I recently had a birthday and with a start, I recognized that I am getting closer to 70! Wow! It is quite a shock. At about the same time, I came across the books by Chris Crowley and Henry Lodge, Younger Next Year (there is one for men and one for women) www.youngernextyear.com in which they argue that with exercise six days a week , good nutrition, commitment and connection you can defy the aging process. Part of the reason I was so shocked when I accepted my age revelation, is that I don’t feel as old as the calendar tells me I am. And as these books suggest, I feel better today than I did 10 years ago.
Crowley and Lodge are adamant about exercise every day and provide extensive documentation about how and why it is so important to hold the aging process at bay. Other books, such as Chef MD’s Big Book of Culinary Medicine, http://www.wikio.com/books/chefmd-s-big-book-of-culinary-medicine-a-food-lover-s-road-map-to-losing-weight-preventing-disease-and-getting-really-healthy-030739462X-172137,b.html support their arguments and explain in as much detail how nutrition can save your health. But most of us know how important these physical disciplines are…exercising and eating nutritionally. Yet we don’t always follow them.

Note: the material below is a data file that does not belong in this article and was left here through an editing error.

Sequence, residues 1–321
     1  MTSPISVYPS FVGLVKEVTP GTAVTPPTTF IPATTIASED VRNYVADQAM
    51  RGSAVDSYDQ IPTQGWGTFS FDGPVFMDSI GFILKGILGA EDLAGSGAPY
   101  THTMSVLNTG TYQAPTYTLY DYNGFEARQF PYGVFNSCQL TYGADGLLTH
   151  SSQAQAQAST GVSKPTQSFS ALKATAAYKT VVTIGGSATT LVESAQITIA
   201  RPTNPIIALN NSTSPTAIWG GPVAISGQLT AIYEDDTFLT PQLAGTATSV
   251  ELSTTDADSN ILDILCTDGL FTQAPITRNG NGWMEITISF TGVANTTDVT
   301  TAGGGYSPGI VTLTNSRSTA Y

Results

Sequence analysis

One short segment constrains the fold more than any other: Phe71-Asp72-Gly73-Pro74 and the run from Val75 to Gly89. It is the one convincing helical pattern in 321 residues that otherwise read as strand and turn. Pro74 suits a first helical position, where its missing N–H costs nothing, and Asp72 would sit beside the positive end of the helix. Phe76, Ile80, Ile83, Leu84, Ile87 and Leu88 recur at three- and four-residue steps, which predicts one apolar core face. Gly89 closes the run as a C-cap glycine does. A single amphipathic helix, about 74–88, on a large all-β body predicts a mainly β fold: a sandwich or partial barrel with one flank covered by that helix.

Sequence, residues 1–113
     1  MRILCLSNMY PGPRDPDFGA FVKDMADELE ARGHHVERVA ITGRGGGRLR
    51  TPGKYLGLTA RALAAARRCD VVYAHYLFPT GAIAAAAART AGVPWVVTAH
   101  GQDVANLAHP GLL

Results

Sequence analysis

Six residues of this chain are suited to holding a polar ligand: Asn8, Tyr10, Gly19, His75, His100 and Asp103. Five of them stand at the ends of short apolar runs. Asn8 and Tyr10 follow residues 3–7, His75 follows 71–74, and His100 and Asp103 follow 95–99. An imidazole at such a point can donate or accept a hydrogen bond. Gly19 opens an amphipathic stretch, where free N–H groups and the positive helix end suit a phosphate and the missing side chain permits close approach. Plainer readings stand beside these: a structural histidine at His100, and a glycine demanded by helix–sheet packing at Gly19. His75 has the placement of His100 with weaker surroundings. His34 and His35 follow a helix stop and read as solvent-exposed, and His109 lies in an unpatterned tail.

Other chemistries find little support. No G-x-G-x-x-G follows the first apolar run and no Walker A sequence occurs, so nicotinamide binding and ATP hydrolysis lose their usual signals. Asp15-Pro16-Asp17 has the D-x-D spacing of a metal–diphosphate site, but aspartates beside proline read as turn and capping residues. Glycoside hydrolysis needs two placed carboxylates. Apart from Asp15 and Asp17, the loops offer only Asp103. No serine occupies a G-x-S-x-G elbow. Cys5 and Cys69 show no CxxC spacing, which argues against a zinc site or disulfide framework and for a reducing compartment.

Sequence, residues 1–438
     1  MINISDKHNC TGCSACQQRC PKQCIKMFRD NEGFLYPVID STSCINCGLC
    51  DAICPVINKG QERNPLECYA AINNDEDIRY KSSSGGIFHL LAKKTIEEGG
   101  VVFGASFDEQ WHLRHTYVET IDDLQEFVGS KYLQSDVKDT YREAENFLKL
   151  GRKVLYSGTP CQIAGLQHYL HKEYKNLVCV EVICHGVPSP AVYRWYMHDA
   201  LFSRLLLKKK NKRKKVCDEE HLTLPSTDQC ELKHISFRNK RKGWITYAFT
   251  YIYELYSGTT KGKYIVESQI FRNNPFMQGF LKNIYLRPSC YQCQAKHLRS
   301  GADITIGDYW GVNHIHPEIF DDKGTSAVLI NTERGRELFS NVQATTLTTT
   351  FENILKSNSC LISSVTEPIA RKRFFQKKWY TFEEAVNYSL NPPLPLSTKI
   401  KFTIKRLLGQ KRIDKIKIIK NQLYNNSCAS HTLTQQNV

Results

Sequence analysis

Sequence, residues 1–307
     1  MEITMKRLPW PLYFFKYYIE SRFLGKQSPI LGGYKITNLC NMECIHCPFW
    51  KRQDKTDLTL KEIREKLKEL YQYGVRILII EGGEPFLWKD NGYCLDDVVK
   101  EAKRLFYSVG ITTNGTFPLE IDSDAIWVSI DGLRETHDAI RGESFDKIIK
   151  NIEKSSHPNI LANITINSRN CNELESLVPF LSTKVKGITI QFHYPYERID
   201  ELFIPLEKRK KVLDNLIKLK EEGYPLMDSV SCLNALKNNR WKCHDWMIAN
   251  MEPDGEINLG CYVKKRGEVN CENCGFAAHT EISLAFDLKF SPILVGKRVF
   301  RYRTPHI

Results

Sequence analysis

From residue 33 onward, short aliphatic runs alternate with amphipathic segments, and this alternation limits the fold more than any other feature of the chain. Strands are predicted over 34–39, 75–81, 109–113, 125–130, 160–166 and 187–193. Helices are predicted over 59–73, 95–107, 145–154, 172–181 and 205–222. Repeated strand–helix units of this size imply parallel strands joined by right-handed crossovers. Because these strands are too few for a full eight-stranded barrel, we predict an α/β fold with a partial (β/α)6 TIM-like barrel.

I am not intending to hold myself up as a poster child, but I do want to share my experience and why I think these authors have something. My own parents died of heart disease in their early 60’s, when I was in my mid-20’s. As a result, I understood the impact of nutrition on heart disease and for many years I focused on maintaining a good diet. As the years have progressed, I have learned more as the science research has become available, about what is required for a healthy heart and a healthy body. But I wasn’t much into exercise…the early messages which discouraged girls from sports left their mark. In my late 40’s and early 50’s my body began to complain with one ailment or another mostly structural. I was also hearing about the benefits of exercise and reluctantly began to exercise, first to stretch and walk, then I added cycling and strength training. For the last 12 years, I have been seriously committed to the discipline of exercise at least 5- 6 days a week. Between this exercise regime and my diet, I feel younger and my health care practitioners offer the same observation when I have my exams and they review my blood pressure, my cholesterol or my blood test results.
Back to Crowley and Lodge… they also present a significant argument for the emotional and social dedication of connecting and committing to your partner/spouse, friends and family. They point out that the consequences of not making these connections result in higher rates of serious health problems and younger death. We need our communities and our connections for shear survival.
Our work in research and preparation for the 3rd Act offerings, led us to some of these same conclusions. We found other researchers who discovered that we are healthier and happier when we are engaged with life and those around us and when we share a purpose outside ourselves. In our 3rd Act work we advocate creating a life of purpose and passion…taking advantage of the opportunity we have in our mature generations of the extra 20, 30, or 40 years that earlier generation didn’t have.
How are you committed to creating a healthy inspiring life for yourself?